Press Release: Asgardia Seeks UN Recognition For First Nation Space Station
How would it feel like for citizens live and work in outer space? Asgardia, the first nation space station, seeks the recognition of the United Nations for its first space station that aims to house those who applied to become its first citizens.
Leaders of the Asgardia project plan to build a prospective space station where they would eventually invite citizens to live there. Within just 40 hours of opening registration, over 100,000 future Asgardians registered, and in 20 days, over 500,000 hopeful nationals applied.
Asgardia's founding father Dr. Igor Ashurbeyli announced that he will seek the U.N. recognition over the next year. He plans to ask for the support of various nations across the world as he works with a team of global experts to make the project possible. Apart from opening a space station that is open for all citizens, the project aims to conduct space exploration and research that involve various nations from around the world.
"Simultaneously, I would like to ask you to confirm my temporary authority as the Head of Asgardia, so that I can represent the Asgardian Nation in talks with Earth countries and the UN in order to have Asgardia gain recognition as a fully independent state and a UN membership," Dr.. Ashurbeyli said in his address published in Asgardia Space.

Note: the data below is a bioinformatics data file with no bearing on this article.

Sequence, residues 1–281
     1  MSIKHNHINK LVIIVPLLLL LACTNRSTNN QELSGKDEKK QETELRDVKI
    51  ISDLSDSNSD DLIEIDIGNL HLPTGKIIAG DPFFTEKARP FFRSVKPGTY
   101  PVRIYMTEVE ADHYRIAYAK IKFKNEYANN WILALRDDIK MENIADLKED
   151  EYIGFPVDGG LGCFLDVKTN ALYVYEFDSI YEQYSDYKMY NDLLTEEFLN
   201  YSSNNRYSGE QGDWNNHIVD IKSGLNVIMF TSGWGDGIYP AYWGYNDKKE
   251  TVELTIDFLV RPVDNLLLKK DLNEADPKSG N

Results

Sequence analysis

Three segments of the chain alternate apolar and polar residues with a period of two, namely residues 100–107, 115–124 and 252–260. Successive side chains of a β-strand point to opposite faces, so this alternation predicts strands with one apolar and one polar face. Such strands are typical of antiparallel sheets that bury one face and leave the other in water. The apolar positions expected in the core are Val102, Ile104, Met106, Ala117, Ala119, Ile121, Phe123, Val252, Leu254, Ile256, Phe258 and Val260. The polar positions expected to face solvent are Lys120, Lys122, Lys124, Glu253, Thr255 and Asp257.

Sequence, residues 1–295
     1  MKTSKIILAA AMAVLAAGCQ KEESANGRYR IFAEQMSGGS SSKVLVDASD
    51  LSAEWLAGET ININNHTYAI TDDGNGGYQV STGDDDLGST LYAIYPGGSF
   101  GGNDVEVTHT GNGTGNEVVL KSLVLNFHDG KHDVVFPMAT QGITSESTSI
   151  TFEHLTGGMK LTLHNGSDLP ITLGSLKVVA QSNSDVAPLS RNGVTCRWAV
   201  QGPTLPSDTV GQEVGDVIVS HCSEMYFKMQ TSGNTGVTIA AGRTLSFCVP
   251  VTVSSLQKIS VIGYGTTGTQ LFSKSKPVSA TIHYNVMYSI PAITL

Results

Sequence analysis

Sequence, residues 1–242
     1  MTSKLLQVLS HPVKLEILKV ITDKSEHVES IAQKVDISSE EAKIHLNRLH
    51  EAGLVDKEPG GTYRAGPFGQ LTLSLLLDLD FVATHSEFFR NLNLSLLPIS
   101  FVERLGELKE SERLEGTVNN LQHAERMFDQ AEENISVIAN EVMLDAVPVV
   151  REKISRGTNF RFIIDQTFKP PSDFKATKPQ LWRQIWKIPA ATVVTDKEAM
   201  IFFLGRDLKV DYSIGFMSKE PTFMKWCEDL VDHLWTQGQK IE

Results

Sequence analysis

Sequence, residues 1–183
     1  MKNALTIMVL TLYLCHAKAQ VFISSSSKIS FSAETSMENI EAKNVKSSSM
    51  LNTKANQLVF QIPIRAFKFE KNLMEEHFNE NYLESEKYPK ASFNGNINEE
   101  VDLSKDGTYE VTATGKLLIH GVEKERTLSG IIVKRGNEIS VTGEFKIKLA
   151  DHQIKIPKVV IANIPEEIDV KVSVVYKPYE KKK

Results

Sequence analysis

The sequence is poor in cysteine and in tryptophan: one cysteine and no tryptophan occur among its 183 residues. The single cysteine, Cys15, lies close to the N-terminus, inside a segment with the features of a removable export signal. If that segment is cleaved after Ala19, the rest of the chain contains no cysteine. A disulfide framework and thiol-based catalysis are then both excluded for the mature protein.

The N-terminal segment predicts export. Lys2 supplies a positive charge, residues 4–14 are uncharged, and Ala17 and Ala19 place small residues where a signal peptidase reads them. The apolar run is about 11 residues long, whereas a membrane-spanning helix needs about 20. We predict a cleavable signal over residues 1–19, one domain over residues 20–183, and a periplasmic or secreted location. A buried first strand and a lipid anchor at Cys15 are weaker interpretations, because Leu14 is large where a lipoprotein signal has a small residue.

Asgardia, named after the Norse gods' home of Asgard and city in the skies, is a concept by various founders including space experts from Canada, Russia, Romania and the United States. Its core concept is to launch a robotic satellite in 2017 and eventually, a permanent space station where people can build an independent country. They can work, live and create their own rules and regulations.
"The question of Asgardia citizenship is also essential. After Asgardia is recognized as a member of the UN, the question of reasons for granting citizenship will inevitably arise," Dr. Ashurbeyli explained in a report by Asgardia Space.